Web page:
Christie campaigned on a promise to prioritize higher education. So some of his critics objected when it took him 16 months to appoint the state’s first secretary of higher education, a position that was created just before his inauguration. In May 2011, he named acting deputy education commissioner Rochelle Hendricks, who’s charged with serving as an advocate for public colleges and universities in a time of diminishing funding. But some critics still bristle that the secretary’s power pales in comparison with that of the higher education chancellor, who oversaw a higher education department that Christie Todd Whitman did away with in 1994.
“It has nothing approaching the leadership and guidance that was in the department before its abolition,” laments MacInnes.
“She’s got a very small staff and any executive officer in any state is responsible for a lot of federal reporting and state responsibilities that used to belong to the commission on higher education. There was no rational discussion about what (duties) should stay and what shouldn’t,” said Michael Klein, executive director of the New Jersey Association of State Colleges and Universities (NJASCU).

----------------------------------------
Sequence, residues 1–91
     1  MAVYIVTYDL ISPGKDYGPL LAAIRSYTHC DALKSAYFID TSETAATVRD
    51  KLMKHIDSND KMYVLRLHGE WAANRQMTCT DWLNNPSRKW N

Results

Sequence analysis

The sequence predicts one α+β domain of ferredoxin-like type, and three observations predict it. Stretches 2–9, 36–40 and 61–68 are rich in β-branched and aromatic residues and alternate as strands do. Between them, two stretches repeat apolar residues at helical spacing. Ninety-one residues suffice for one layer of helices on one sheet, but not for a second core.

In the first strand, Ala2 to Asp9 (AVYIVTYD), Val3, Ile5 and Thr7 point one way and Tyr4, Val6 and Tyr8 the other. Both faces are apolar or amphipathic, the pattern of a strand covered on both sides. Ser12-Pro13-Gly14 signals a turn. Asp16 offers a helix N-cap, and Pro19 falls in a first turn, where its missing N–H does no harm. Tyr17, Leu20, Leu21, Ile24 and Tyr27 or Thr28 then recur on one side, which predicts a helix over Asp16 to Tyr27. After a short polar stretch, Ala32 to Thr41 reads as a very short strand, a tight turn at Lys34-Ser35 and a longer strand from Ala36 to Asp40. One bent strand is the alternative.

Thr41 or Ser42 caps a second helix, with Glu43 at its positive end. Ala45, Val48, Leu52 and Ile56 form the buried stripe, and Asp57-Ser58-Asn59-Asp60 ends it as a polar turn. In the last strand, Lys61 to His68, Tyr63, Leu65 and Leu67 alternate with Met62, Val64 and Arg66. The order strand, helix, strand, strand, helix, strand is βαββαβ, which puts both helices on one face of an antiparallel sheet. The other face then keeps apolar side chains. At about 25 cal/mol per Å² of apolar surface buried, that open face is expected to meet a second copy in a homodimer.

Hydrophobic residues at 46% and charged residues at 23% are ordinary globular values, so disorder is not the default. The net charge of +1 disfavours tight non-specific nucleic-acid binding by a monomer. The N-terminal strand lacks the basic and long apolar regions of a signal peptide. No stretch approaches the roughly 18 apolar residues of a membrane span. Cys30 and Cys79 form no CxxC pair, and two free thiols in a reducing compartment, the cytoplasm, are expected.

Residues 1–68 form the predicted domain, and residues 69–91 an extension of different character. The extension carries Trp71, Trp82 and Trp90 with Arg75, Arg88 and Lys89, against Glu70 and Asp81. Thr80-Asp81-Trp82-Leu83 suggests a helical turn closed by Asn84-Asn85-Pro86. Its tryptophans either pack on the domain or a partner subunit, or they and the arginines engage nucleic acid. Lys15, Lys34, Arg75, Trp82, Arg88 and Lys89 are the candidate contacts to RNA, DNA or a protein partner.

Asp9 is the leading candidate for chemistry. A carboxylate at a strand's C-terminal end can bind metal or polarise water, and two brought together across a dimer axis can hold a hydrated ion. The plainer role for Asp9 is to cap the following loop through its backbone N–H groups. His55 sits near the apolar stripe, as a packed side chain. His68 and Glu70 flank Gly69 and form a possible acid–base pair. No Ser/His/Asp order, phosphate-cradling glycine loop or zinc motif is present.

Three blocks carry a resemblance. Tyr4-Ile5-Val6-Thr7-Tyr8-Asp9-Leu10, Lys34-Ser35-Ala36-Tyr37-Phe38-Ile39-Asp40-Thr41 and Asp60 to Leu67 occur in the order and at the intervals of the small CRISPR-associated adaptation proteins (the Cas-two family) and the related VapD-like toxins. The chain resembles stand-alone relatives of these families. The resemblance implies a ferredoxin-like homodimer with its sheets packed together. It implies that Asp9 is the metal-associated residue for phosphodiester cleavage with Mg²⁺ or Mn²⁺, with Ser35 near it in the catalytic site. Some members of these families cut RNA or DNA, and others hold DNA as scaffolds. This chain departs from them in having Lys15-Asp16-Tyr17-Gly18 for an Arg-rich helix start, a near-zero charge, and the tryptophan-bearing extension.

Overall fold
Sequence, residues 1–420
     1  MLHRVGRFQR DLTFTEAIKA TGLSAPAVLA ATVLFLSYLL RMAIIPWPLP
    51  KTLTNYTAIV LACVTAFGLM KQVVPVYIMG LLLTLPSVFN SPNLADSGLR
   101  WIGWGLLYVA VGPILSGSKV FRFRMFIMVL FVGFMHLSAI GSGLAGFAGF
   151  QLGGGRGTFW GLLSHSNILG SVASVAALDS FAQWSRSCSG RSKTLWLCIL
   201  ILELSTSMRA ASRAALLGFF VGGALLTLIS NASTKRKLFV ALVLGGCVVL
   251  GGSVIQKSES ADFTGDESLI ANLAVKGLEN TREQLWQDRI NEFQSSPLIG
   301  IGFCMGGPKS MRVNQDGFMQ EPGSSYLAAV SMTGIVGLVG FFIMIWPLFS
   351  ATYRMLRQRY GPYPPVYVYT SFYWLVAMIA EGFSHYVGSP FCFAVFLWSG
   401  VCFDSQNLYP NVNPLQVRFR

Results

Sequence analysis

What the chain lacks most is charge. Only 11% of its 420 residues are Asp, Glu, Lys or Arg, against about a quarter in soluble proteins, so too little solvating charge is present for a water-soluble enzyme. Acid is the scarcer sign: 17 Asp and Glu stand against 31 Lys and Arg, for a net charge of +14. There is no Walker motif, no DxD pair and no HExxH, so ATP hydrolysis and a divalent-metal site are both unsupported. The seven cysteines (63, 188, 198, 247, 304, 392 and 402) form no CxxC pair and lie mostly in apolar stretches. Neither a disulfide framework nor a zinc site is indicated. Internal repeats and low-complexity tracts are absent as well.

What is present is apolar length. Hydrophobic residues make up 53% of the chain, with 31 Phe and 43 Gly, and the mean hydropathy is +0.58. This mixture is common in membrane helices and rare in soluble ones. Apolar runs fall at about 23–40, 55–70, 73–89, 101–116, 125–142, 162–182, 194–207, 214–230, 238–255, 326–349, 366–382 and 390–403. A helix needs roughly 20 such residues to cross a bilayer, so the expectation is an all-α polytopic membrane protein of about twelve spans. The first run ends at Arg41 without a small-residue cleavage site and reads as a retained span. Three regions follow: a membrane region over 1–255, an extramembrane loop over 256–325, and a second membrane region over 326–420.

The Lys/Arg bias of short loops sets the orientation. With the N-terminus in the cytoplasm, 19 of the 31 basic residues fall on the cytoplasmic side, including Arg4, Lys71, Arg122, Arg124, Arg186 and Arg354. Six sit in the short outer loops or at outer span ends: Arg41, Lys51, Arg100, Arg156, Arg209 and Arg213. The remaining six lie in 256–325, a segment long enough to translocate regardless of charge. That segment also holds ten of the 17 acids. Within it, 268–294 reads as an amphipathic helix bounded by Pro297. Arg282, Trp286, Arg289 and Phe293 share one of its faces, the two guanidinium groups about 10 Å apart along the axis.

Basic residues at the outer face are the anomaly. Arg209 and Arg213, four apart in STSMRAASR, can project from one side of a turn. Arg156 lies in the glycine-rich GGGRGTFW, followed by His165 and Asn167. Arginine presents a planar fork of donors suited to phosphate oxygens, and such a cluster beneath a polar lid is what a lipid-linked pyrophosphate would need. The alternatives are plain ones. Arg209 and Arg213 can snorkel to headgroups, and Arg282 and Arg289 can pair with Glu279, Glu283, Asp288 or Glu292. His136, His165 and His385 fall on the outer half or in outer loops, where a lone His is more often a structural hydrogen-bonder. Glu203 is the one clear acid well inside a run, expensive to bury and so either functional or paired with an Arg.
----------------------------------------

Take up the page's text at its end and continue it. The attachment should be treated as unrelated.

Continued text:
“So the secretary got left with a lot of responsibilities. Plus, it’s not the cabinet officer’s job to be an advocate for that particular policy area. They work for the governor,” he added.
Using the executive pen
Earlier this year, Christie signed a bill to create a task force to study college affordability. Though the commission can study whatever it likes, it has a directive to explore concepts like accelerated degree programs and “pay-it-forward” programs that allow students to pay tuition after they’ve secured a post-graduation job.
He also signed a bill that requires county colleges to offer health insurance to students but allows students without insurance to enroll. Last year, Christie signed a tenure reform bill supported by the NJASCU that extends tenure from five years to six. The law gives professors more time to finish their tenure requirements before facing a tenure board.